if they would lay large enough sewer pipe and drainage pipes, they could run all of the power, cable, phone, and all the fiber anyone could ever want. I have seen it done in large cities where they run it all and hang it from the top of the storm drain pipe.

    the entire infrastructure in this nation needs to be redone properly and identically. Not this mix and match crap that you see everywhere. I understand competition is a good thing, but in this situation, Use one type of pipe for everything so there is consistency and compatibility.

     

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  28.  
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    jbek, Jun 5th, 2009 @ 8:08am

    Re:

    DSL is not available everywhere even in major areas. 3g is also not a viable option due to availability and restrictions. Also not everyone lives in major markets. There are a lot of suburbs that have a lot of people but are stuck with whatever limited option is available. I for example am on cable through Charter but if I wanted something else I would have to go with DSL which offers lower speeds and I'm not even sure it is available at my location. Competition is like when you can choose between different brands of bread, they are basically the same and the brands are tapped to provide you with a reason to take theirs over the other guys. If the other guy can't offer the same service level then it isn't true competition. Without that we are at the mercy of a company to improve their own service.

     

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  29.  
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    Anonymous Coward, Jun 5th, 2009 @ 8:11am

    Re: Re:

    ...and in a nation that is running a deficit that is shocking, where the heck does the money come from?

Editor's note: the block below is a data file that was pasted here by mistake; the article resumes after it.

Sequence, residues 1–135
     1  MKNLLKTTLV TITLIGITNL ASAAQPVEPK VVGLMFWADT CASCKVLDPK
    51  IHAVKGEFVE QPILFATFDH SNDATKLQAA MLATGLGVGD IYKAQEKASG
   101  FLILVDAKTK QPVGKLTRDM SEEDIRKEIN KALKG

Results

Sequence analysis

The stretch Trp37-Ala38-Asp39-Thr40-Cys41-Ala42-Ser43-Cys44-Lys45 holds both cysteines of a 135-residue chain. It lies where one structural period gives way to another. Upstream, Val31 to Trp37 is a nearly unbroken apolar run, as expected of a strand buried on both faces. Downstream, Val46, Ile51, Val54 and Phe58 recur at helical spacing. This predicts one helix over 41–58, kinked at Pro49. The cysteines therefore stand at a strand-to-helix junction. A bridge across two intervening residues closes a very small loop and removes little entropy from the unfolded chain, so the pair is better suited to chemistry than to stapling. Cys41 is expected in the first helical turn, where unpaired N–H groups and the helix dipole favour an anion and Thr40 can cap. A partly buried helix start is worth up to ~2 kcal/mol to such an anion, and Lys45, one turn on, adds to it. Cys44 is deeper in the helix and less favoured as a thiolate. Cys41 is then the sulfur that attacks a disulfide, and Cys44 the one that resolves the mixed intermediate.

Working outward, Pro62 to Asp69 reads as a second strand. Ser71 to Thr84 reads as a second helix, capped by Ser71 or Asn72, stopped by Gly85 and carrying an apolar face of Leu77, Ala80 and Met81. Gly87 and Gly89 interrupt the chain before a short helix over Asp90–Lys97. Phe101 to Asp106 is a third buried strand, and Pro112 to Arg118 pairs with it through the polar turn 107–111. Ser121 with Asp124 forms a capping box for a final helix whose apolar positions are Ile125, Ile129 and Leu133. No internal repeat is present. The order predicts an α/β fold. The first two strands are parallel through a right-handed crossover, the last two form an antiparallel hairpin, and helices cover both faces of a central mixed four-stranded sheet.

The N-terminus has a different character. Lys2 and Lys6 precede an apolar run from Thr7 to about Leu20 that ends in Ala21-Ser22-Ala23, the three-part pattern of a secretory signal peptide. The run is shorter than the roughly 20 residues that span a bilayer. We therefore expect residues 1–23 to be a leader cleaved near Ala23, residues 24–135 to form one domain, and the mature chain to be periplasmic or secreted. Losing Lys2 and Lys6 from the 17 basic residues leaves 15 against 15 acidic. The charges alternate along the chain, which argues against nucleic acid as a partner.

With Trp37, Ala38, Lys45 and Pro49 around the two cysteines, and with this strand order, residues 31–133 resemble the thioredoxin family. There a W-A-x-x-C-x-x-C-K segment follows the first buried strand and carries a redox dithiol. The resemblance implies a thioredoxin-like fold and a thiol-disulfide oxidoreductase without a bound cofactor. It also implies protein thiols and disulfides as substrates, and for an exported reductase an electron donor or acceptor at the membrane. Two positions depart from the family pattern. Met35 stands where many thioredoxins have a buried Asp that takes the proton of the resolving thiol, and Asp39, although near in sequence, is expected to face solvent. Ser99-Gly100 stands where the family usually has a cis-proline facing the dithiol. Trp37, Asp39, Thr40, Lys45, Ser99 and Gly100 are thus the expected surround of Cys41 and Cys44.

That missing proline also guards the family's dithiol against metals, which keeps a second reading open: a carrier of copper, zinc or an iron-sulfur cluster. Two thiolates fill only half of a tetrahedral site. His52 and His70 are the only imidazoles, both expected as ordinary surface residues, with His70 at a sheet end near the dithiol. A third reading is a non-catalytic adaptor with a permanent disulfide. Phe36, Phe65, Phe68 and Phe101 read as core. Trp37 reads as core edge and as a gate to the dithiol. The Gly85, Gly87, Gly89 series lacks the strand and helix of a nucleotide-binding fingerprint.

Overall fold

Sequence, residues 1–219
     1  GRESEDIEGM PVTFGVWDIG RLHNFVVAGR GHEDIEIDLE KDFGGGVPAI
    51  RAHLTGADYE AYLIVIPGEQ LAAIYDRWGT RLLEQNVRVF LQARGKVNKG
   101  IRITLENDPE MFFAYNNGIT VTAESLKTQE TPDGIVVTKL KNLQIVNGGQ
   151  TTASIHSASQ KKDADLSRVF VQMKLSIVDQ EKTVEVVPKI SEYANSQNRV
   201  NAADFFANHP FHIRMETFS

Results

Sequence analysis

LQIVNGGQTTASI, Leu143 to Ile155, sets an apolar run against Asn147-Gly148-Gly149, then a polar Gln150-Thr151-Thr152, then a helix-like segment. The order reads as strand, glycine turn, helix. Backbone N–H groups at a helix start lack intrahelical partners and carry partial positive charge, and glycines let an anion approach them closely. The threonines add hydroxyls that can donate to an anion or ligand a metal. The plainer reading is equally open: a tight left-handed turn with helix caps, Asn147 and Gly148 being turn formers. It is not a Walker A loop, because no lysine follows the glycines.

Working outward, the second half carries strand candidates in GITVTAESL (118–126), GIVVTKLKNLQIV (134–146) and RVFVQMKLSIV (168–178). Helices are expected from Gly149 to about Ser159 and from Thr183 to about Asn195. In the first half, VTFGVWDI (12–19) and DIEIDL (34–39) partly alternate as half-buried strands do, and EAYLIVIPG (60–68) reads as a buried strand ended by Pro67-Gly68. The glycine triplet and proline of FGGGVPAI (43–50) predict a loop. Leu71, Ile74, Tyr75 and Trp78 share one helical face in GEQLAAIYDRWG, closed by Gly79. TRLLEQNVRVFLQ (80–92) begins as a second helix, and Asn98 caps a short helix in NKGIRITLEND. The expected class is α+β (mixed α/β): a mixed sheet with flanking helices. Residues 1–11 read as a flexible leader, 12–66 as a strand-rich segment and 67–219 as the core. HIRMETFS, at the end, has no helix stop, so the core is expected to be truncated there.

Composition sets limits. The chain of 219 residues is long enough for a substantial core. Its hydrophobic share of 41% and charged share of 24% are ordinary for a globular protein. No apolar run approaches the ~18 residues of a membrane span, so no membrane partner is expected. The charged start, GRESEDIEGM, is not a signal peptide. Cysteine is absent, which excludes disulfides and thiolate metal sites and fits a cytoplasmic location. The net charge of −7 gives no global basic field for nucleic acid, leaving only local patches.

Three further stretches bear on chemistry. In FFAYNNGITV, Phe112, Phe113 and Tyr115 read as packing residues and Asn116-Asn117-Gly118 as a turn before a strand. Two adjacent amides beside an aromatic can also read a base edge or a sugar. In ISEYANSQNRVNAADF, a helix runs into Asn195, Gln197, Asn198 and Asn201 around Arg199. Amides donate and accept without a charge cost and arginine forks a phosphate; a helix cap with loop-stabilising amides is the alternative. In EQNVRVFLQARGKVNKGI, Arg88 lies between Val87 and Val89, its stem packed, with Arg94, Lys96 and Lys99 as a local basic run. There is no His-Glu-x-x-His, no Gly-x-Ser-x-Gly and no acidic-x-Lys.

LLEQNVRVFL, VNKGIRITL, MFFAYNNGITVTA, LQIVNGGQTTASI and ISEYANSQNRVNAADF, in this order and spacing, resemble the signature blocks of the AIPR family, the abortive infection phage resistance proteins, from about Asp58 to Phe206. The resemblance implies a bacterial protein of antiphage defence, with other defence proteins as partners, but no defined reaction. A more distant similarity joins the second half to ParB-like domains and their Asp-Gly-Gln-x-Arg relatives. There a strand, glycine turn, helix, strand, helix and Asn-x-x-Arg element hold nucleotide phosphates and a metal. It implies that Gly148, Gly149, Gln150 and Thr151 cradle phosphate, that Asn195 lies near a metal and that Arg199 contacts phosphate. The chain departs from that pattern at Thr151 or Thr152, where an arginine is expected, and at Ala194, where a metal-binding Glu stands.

This whole deal is like Mike's AOL slam post. If you ignore everything about how they got where they are today, what was going on when they were created, etc, it is easy to mock where they are today. Like AOL, the phone companies and cable companies have been OTBE (over taken by events). There was no need 50 years ago for "competition" in the phone market, and nobody wanted to pay for a doubling or tripling of the infrastructure to run the game.

    What happened with the internet and long haul fiber optic cables? There is all sorts of fibre lying around dark, useless, because there was no need for it. Many companies went bust running cable all of the place that had no end users.

    Funny that Mike doesn't point to the article a few years back in Wired about the development of the train system in the UK. There was massive duplication of effort, massive waste, and massive losses (by companies and individual investors) because of this wasteful development.

    If the government wants competition in the US, they need to do what they did in Canada - force the incumbant Telco to allow other companies to resell services. Price the service to the other companies, everyone pays the same, and away you go - all the competition you could want. I have DSL options here from "free with long distance package" to 20 gig fiber. There was no requirement to run duplicate lines or duplicate infrastructure.

    If you have two choices, you have competition. If you have 3, even better, and so on. No choice means only 1, and that isn't common for most city dwellers.

     

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  30.  
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    jbek, Jun 5th, 2009 @ 8:16am

    Re: Re: Re: